Guy Boucher relishes at the thought of taking on a good challenge. What’s even more interesting and important to him, is how his team reacts to one.
As the Lightning continue on their season-opening five-game road trip this week, Boucher will have the chance to assess both.
The Lightning and Capitals kick off the week with the first meeting between the clubs since Tampa Bay swept Washington out of the playoffs in four-straight games last spring. But if the fierce rivalry isn’t just media fodder for a game that will broadcast on national television, it at least highlights a challenging schedule that will test the Bolts’ mettle early on.
“We knew coming into this road trip that it was going to be a good test for us,” forward Adam Hall said. “Obviously at the beginning of any season you want to come out strong and put your best foot forward, but at the same time we know a lot of these teams are going to give us their best stuff.”
Featured on the road trip is a stretch of three games in four nights. Overall, the five-game trip spans a total of 10 days, including three in Washington, Long Island and South Florida, and is the team’s longest of the entire regular season.
“For a lot of these teams, they’re having the pleasure of hosting us in their building for their home opener,” Boucher said. “So it’s no secret they’re going to be charging at us. Win or lose, there are no excuses. We have to be ready.”
Said captain Vincent Lecavalier: “Any road trip is tough. But when you’re gone for 10 days, there’s a lot of traveling and it’s definitely a grind.”
Consider for a moment what each opponent on the Lightning’s season-opening road trip brings to the table, and it becomes clear that Tampa Bay might be met with a little extra motivation to rectify some recent shortcomings.
Carolina had its season ruined by Tampa Bay on the final day of the regular season last spring after a Lightning victory prevented the Hurricanes from taking the final playoff spot in the Eastern Conference. Boston, despite winning the Stanley Cup, was pushed to seven games in the Eastern Conference Final by the Lightning, while Washington got swept by Tampa Bay in four-straight games.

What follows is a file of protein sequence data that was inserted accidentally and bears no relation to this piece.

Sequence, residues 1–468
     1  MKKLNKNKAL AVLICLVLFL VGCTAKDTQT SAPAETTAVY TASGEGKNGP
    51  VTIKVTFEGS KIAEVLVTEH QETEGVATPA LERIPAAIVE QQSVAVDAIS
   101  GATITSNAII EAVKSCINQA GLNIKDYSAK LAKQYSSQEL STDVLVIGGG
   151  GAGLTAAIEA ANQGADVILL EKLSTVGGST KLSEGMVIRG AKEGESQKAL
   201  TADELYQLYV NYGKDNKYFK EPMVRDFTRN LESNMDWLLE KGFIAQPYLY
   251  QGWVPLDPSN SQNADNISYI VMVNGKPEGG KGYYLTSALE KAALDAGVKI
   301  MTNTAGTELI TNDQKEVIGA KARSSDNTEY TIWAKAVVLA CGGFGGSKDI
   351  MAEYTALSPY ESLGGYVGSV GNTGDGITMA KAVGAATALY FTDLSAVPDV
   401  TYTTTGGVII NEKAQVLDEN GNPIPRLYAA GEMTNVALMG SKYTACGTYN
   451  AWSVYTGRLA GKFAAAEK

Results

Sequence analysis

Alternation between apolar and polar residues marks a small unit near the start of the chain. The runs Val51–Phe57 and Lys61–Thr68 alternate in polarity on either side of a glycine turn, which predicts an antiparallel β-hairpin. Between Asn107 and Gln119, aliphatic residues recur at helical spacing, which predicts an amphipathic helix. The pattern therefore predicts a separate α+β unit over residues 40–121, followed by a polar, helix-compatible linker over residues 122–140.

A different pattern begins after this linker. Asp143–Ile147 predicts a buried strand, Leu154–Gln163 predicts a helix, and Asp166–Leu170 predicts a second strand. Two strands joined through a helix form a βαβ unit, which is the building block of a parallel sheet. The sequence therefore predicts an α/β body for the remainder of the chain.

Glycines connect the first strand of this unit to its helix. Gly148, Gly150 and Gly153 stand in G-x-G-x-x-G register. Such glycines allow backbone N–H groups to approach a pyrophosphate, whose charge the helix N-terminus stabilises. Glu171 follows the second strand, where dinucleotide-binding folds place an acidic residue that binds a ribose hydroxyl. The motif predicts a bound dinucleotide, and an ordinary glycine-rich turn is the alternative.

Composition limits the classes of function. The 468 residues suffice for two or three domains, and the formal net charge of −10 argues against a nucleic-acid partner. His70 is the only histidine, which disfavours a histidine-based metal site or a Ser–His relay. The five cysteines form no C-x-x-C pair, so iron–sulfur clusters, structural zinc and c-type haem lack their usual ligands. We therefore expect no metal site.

The New York Islanders, as well as the Florida Panthers, improved their teams in the off-season. In fact, the Islanders and Lightning split four games last season, while the Panthers took four of six total meetings from the Bolts.
The way Hall sees the five-game swing away from home, is that although challenging, is not all that bad.
The extended trips throughout the season usually call for some sort of team-building activities spearheaded by the coaching staff designed to create chemistry among teammates, while also keeping the players’ bodies loose and their minds sharp. Plus, mixing things up with some fun and games breaks up the day-to-day, often monotonous routines players get into when being away from home.
“At the beginning of the year like this, I think it could be a good thing,” Lecavalier added. “First of all, you get it out of the way, and second, I think the guys are all so pumped up for the season that it works with you in helping to get your good habits going.”
That certainly will be the goal, as the Lightning will play 36 more times away from home before the regular season ends.
“It’s something that all teams go through at different stretches of the season,” Hall said. “There are always different challenges, but when teams find ways to fight through those, that’s what builds character and builds a strong team.”